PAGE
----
Caroline Wilson has taken aim at a number of AFL stars for bringing their bushfire relief efforts into the debate about pay cuts.
AFL legend Leigh Matthews led a chorus of criticism on Tuesday when he said he had lost respect for the players after they offered to take just a 50 per cent pay cut during the coronavirus shutdown.
League bosses asked the players to take a bigger cut, but they were reportedly unwilling to do so.
'NOTHING TO GO HOME TO': Devastating fallout from AFL suspension
Defending themselves in the face of criticism, star players Jack Riewoldt, Tom Rockliff and Patrick Dangerfield all argued they didn’t deserve to be slammed, especially considering their efforts to raise money for bushfire victims earlier this year.
But according to outspoken journalist Wilson, that stance is below the belt.
“This arrow is directed at whoever it was at the Players Association who advised AFL footballers to use their participation in that Bushfire Relief game as a selfless act,” Wilson said on Footy Classified on Wednesday night.
If you actually believe that what you did is a sacrificial act, then you live in a bigger bubble than I thought."— Footy on Nine (@FootyonNine) March 25, 2020
Caro slams the players who have portrayed their participation in the Bushfire Relief match as 'selfless act'. #9FootyClassified | Watch @Channel9 pic.twitter.com/EU0sePxphE
“Oh please! Sure, it was a great event and a lot of players gave up their time, as many did, to raise money for a critical cause, but Jack, and it pains me to say this, you are my favourite player, but bodies on the line? This was a fun, bruise-free kick 'n' giggle.
“I would've thought to do so much good at a critical time was a privilege. And a gift. And whoever it is, if you actually believe that what you did was a sacrificial act, then you live in a bigger bubble than I thought, and what a pity you have used such a wonderful thing as a bargaining tool in a PR battle you are losing so badly.”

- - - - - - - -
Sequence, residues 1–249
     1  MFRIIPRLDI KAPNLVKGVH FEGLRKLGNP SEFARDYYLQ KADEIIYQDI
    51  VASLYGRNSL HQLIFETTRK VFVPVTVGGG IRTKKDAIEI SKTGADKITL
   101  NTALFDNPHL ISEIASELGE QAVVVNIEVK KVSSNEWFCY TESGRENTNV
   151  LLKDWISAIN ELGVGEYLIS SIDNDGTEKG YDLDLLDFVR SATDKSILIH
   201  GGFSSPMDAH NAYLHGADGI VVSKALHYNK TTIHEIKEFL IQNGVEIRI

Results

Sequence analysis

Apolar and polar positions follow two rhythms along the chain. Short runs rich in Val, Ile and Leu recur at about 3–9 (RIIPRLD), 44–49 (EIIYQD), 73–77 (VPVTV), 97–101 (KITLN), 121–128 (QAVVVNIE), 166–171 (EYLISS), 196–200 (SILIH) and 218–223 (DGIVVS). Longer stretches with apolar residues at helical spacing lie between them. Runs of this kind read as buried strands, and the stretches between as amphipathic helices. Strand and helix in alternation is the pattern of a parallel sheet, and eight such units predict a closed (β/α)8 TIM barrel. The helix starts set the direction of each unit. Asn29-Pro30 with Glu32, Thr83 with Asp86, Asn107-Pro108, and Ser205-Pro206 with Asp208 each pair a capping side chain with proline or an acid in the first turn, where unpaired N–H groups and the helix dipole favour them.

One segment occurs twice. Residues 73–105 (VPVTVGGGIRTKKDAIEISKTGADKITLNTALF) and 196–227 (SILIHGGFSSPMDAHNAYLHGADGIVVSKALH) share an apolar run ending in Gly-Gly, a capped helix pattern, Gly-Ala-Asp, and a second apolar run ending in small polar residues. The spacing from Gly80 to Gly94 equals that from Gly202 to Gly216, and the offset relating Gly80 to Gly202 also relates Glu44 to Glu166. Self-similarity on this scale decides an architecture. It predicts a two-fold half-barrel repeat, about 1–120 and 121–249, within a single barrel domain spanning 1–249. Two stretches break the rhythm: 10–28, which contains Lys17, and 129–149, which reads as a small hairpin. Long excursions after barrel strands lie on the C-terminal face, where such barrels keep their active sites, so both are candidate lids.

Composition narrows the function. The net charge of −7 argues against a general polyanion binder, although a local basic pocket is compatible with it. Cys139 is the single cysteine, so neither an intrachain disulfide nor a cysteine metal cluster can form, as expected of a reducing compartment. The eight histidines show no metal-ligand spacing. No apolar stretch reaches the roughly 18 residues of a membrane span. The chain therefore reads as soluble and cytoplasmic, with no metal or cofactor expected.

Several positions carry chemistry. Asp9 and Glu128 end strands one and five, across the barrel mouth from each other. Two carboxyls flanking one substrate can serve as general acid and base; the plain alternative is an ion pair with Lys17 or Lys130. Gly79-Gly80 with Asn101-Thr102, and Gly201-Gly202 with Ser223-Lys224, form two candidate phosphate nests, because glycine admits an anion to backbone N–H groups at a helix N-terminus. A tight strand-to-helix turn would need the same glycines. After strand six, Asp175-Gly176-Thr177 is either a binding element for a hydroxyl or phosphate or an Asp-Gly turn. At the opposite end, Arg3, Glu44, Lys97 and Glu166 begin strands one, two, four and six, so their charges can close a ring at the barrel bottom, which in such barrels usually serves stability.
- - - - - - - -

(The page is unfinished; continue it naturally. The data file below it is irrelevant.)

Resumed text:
AFL players ‘losing the PR battle’
When defending the players, Richmond star Riewoldt said on AFL 360: “We’ve only got to go back maybe three weeks ago, and 45 to 50 of the best players of the game put their hand up and said ‘we will help Australia raise $8 million and put our bodies on the line’, which we do for a job and we love doing it but we will do that, for what we want to do. We want to be a part of helping people that have been through bushfires.”
Rockliff echoed that sentiment on SEN, saying: “I think Jack Riewoldt spoke about the bushfire relief, but AFL players are really generous and give up a lot throughout that period when they're in the game as well.”
As for Dangerfield - President of the Players Association - he told SEN: “We had players that do an incredible amount of work within the community. Only six weeks ago there was $8 million fundraised from players playing in the bushfire relief game. Every year we donate over half a million dollars from our care fund.”
Earlier on Wednesday, St Kilda great Nick Riewoldt said the players are losing the public relations battle in their pay negotiations with the AFL and need to commit to what's best for the game.
Last Tuesday when the AFL reduced the regular season to 17 games - before suspending it altogether on Sunday - the AFLPA pushed to retain a 22-game fixture.
Riewoldt said that stance was “a bit of a PR mess” and now was the time for players to work with the AFL to do “whatever the game needs.”
“When the AFL came with 17 games, it was a time to just - unprecedented - just acquiesce to the AFL's request,” Riewoldt said on Fox Footy Live.
“Just say 'we'll do whatever the AFL needs us to do' .... you've got to pick your battles and the players and the players' association, when the CBA's up, they'll pick those fights and they're well entitled to do so.
“But I just think this time, this was the time to acquiesce, to play nice and to go along.”
The premiership season was suspended until at least May 31 on Sunday in response to the COVID-19 crisis.
With a revenue hit of between $500 million and $1 billion expected, the league quickly made deep cuts to its workforce.
About 80 per cent of employees at league headquarters and at the 18 clubs were stood down without pay on Monday.